The Claims Conference has pressed the German government for additional funds to provide urgently needed in-home services to aging Nazi victims.At negotiations last month with the German government, the Claims Conference obtained funding for vital social services for Jewish victims of Nazi persecution. The German government agreed to provide €21 million for these services through the end of 2007.

The Claims Conference has increased the amount every year that the German government provides for these services. In previous negotiations, €6 million was obtained in 2004 and €9 million in 2005.

This brings the total amount obtained from the German government by the Claims Conference in negotiations for in-home services to €37 million since 2004.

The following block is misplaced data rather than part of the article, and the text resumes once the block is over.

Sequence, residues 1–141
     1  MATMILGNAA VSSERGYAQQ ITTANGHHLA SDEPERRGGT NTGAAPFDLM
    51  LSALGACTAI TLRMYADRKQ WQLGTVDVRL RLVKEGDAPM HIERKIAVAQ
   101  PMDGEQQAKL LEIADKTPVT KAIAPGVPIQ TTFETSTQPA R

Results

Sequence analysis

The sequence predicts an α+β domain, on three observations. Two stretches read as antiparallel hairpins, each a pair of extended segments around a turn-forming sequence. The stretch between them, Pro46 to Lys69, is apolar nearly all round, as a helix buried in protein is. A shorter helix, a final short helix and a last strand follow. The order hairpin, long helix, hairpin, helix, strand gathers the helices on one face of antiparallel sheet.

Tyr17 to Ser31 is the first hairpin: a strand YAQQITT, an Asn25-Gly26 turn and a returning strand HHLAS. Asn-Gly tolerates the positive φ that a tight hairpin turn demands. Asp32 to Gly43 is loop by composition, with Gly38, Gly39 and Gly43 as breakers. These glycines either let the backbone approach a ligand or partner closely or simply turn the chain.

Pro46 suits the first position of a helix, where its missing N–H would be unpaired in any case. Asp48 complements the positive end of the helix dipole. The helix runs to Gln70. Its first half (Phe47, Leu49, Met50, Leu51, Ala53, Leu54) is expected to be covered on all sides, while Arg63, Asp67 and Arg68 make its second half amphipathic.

With the health needs of aging Holocaust survivors becoming increasingly urgent, the Claims Conference has been pressing Germany to provide funds so survivors may receive the assistance they need to remain in their own homes, a matter of great importance to many.

The funds will be allocated by the Claims Conference to agencies assisting needy Jewish victims of Nazism around the world.

In 2005, the Claims Conference allocated approximately $120 million for social services for elderly Jewish victims of Nazi persecution. Funds came from the Claims Conference’s recovery of unclaimed Jewish property in the former East Germany; the International Commission on Holocaust Era Insurance Claims; the Swiss Banks Settlement; the “Hungarian Gold Train” settlement; and the German government.